Paul Greenberg

They got another one. First it was the world's most wanted man, who was living comfortably in a Pakistani resort -- until those Navy SEALs came calling. Result: Osama bin Laden was brought to justice. Or rather justice was brought to him.

Then, just in time for Memorial Day, it was Ratko Mladic who was tracked down at last in some Serbian village. He'd been on the run so long that his name had become as hard to remember as it is for an American to pronounce.

But the world will never forget -- let's hope -- what Ratko Mladic did at Srebrenica in vivisected Bosnia during the 1990s while the world mainly stood by. Like the useless UN contingent that had declared Srebrenica a Safe City just before it became the unsafest city in Europe.

But what's a little blood, or even a lot, to the World Leaders ensconced at United Nations headquarters in New York? That high up and far away, those dignitaries weren't likely to hear the screams.

The name Ratko Mladic became only a fugitive memory over the years as the massacre at Srebrenica faded into a footnote. A Serbian general, he'd orchestrated a whole string of massacres as the old Yugoslavia came apart and the dream of a Greater Serbia replaced it, and turned into a nightmare for its neighbors.

Of all General Mladic's crimes, Srebrenica had to be the worst. Indeed, it was the worst massacre on the European continent since the Second World War, an era that's hard to top in the genocide department. Maybe impossible to top, let's hope.

But hope is no substitute for justice as a corrective, which is why last week's news was so welcome. Particularly because the "hero" of Srebrenica was arrested by Serbia's own domestic intelligence agency. Indeed, that country's now democratic government had put a $14 million bounty on his head, which the United States supplemented with $5 million more.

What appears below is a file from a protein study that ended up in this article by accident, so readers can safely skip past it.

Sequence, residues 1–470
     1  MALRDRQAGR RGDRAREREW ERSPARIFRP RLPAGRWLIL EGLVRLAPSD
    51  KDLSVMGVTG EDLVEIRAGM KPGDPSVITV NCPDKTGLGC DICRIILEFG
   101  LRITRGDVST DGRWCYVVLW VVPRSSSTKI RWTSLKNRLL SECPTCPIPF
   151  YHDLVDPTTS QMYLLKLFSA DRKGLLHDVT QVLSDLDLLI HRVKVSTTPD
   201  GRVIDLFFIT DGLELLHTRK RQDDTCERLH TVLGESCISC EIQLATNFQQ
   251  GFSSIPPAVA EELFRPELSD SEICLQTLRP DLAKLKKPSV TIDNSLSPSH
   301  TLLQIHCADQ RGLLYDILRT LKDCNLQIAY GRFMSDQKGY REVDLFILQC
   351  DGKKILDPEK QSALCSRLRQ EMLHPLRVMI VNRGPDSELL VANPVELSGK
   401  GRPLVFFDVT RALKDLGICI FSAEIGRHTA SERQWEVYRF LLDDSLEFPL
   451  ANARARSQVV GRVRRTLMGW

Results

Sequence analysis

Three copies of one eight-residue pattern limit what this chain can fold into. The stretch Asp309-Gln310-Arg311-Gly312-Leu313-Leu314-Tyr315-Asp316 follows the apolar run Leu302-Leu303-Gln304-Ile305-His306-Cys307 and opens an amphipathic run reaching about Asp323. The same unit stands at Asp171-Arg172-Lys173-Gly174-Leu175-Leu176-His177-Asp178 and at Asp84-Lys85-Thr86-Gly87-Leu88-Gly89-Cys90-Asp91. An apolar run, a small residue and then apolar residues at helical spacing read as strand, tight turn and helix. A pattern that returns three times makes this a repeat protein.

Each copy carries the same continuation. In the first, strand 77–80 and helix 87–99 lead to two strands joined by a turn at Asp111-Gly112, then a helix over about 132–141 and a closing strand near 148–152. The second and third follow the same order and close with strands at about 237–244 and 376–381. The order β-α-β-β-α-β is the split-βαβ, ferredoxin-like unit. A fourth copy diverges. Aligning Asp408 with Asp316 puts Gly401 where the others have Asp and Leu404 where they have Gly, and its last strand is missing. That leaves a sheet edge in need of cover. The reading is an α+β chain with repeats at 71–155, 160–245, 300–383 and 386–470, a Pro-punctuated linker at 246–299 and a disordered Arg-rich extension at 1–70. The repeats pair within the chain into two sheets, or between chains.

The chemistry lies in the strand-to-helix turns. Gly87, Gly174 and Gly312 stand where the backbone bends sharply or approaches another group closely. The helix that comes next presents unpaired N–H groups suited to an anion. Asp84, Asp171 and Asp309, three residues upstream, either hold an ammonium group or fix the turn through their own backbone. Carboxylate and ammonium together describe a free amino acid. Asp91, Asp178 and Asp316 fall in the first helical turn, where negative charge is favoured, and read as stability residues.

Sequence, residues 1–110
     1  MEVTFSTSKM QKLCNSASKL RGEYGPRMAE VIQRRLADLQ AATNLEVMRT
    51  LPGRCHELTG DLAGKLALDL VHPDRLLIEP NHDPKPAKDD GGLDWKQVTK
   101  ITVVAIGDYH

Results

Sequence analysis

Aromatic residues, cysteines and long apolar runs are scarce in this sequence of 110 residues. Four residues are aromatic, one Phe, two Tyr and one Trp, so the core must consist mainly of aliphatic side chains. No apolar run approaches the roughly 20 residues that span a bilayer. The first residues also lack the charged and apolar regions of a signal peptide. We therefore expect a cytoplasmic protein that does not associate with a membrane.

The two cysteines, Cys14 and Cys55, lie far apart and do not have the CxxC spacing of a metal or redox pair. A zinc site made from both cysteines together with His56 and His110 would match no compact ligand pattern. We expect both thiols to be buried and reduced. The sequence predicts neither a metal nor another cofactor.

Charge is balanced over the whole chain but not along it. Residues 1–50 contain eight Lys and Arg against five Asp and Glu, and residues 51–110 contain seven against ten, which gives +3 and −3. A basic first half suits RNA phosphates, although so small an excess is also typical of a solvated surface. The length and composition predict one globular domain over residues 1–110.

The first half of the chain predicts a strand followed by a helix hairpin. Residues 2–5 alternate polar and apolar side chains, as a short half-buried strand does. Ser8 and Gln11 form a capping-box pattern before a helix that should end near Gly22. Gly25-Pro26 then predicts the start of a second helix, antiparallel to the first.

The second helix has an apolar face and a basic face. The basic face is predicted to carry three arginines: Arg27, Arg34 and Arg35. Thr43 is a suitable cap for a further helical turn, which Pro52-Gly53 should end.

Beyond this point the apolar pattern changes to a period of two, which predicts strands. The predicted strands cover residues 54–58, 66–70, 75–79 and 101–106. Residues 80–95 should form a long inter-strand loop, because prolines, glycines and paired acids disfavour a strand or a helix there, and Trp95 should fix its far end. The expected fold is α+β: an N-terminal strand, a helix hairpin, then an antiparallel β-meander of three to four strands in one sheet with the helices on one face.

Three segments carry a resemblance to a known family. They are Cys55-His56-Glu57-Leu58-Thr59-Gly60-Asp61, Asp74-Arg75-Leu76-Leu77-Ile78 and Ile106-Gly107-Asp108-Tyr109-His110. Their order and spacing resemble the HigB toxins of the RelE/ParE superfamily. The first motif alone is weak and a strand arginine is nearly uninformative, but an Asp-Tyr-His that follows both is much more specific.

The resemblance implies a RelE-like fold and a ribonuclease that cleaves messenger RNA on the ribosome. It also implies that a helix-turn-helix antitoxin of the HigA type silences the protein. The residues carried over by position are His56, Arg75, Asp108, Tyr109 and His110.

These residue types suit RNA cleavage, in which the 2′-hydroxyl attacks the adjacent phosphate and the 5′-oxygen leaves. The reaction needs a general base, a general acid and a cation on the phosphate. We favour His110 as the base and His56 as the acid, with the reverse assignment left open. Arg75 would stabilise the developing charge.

The general's arrest reminded the world that this is a new Serbia with a new leader who was able to announce with some pride last week that, by arresting this orchestrator of terror, his country had finally "removed the stain from the face of Serbia ."

How ugly was that bloody stain? At last count, some 8,000 men and boys were slaughtered during those ten days of murder, rape and torture at Srebrenica in July of 1995. As for the pro-forma protests of the international community, they were not just ignored but mocked at the time by the Serbian general.


Paul Greenberg

Pulitzer Prize-winning Paul Greenberg, one of the most respected and honored commentators in America, is the editorial page editor of the Arkansas Democrat-Gazette.